Zell with young Trump campaigners
Zell with young Trump campaignersYoni Kempinski

The Republican Party’s Israel branch is slated to open a campaign office in the town of Karnei Shomron in Samaria, the first time a major US political party has ever operated in Judea and Samaria.

In an interview with Arutz Sheva, attorney Marc Zell, a representative of the GOP’s Israeli branch, explained the importance of the event and what it means for the 2016 presidential election and the Republican Party.

Zell began by noting that presidential candidate Donald Trump, working together with party activists and after consultations with Zell, had pushed for changes in the GOP’s platform, including explicit opposition to the division of Jerusalem and removal of references to Israel as an “occupier” in Judea and Samaria.

Noting plans for additional offices in Gush Etzion and Beitar Illit in the Judea region, Zell said the changes marked a tremendous accomplishment for the pro-Israel community. Zell added that when questioned regarding Israeli construction in Judea and Samaria, Trump responded saying that where Israel chooses to build is an internal Israeli matter, and that the US should not intervene.

“So what we’ve done in Karnei Shomron is perfectly natural,” said Zell, “just as in Gush Etzion and Beitar Illit.”

“Trump calls them as he sees them,” said Zell. “Every time the US interferes - and we saw it within the Obama administration, which has been the most hostile towards us – it was unsuccessful. Israel is here and this is our issue. If we can reach an understanding with the Palestinians, fine, but if we cannot, we will decide, and not the Americans. They don’t dictate to us what to do.”

“I say that, in contrast to all of the traditional wisdom, Jewish settlement of Judea and Samaria is not a barrier to peace, rather it is just the opposite.”

Regarding the Republican nominee’s views on Israel and the future of Judea and Samaria, Zell emphasized Trump’s pragmatism in confronting the issue. In contrast to the popular persona projected by the nominee, Zell described Trump as attentive and reticent.

“It interests him a great deal, but his approach is very pragmatic. He doesn’t dictate. He listens. He is especially open to the Israeli view, because we are allies of the US. He said that as well.”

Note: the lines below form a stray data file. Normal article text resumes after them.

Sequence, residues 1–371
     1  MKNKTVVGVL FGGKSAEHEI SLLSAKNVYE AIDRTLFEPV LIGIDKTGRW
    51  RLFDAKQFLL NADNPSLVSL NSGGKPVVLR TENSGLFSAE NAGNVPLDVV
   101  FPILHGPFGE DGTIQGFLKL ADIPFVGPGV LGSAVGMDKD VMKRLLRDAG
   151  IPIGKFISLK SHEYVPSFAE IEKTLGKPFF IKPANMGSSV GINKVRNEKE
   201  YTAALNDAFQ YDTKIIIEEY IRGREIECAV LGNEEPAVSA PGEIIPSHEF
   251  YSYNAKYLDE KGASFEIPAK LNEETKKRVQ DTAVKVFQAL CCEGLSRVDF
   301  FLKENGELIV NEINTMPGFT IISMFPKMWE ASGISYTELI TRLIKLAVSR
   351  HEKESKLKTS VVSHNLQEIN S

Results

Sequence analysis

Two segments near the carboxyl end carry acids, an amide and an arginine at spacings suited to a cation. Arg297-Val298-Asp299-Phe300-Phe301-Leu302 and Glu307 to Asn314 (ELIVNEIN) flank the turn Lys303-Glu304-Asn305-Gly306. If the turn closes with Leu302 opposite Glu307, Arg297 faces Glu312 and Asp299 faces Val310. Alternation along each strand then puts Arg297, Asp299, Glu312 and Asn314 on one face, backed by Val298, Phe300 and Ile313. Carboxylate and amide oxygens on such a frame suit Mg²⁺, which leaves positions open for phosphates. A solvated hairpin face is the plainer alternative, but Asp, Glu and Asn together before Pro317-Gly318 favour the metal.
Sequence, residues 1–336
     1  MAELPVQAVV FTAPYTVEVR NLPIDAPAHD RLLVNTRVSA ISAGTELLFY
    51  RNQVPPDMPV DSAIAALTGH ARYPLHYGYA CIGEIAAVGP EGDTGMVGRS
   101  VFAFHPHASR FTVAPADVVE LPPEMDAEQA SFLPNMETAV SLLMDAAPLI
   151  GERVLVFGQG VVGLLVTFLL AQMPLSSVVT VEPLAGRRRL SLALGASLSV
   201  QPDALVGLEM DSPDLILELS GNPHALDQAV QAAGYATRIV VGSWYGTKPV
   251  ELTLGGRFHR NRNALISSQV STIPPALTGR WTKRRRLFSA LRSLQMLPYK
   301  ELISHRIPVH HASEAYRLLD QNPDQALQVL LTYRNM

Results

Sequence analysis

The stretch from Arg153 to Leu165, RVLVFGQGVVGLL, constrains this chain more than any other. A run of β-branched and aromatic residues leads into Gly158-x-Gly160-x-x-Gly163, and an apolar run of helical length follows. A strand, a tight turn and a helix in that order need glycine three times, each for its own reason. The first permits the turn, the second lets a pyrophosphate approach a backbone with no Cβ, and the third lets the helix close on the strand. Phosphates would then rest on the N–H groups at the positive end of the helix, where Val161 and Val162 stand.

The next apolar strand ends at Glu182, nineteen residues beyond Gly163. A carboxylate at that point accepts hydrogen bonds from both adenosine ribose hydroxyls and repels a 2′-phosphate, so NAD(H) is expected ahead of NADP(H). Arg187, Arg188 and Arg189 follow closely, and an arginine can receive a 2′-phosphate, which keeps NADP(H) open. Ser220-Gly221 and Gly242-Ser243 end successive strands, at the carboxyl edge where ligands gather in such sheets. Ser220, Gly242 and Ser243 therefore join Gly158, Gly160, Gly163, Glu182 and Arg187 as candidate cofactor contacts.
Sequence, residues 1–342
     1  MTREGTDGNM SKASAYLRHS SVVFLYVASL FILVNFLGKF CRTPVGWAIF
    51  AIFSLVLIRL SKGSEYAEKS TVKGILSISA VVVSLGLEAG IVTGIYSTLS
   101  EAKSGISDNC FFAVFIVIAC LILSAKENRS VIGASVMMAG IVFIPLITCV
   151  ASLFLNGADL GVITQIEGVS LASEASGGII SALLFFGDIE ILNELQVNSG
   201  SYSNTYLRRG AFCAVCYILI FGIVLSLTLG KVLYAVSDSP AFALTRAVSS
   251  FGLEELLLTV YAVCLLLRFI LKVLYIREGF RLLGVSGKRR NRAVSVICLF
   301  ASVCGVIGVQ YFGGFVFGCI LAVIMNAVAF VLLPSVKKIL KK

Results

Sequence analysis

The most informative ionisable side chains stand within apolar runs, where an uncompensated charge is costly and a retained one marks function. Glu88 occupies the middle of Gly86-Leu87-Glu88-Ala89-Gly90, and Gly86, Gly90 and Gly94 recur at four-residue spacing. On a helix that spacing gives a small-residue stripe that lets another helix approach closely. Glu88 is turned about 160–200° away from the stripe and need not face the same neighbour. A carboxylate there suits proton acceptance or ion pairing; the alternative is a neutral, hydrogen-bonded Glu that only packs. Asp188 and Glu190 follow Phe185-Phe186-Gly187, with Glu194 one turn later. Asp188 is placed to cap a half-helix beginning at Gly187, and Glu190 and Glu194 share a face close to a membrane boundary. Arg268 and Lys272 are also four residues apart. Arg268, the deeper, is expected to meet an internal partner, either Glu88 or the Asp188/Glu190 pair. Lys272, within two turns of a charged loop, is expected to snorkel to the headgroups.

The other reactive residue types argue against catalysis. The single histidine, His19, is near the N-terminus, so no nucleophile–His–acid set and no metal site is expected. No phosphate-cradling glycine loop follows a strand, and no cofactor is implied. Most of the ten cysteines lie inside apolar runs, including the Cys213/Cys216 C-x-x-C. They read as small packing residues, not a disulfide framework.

Zell was quick to clarify that he was giving his own personal opinion, and could not speak for the candidate, but noted Trump’s ties to the pro-Israel community.

“I don’t know what he will decide after, God-willing, he gets to the White House, but I can say that at this point he doesn’t want to respond. In addition, I want to point out that he has a policy staff and ties with Israel, and both chairmen of the staff are Jews – one of them, David Friedman is director of the group American Friends of the Beit El Yeshiva. In other words, it couldn’t be clearer, Trump won’t tell us to do in relation to the Land of Israel, especially in the heart of Israel.”

“I’m speaking as an individual member of the Republican Party and not in the name of the party or the future policies of Trump regarding Judea and Samaria. But what I can say is that based on what was expressed in the platform, the Republicans won’t dictate to Israel how to manage the country. They will give us the right to decide our own future – whether to leave, God-forbid, Judea and Samaria, or to apply Israeli sovereignty or to maintain the status quo. All the options are open [for Israel].”

While some have expressed skepticism over Trump’s pro-Israel credentials, noting statements of support from other candidates, including Hillary Clinton, Zell claimed most Americans living Israel appeared to be backing Trump.

“Based on the responses we’ve had in the field, the vast majority of Americans that we meet [in Israel] are supporting Trump. Not everyone is thrilled with him or with his style or way of expressing himself, but everyone understands that between the Republican Party, with the most pro-Israel platform in history, and the Democrats under Clinton and Tim Kaine, the difference is night and day. The Republicans love Israel, while many Democrats do not. If, God-forbid, Hillary Clinton and Tim Kaine make it to the White House, I think it will mean not only a continuation of the Obama years – which have been the worst years for Israel – but an even worse situation.”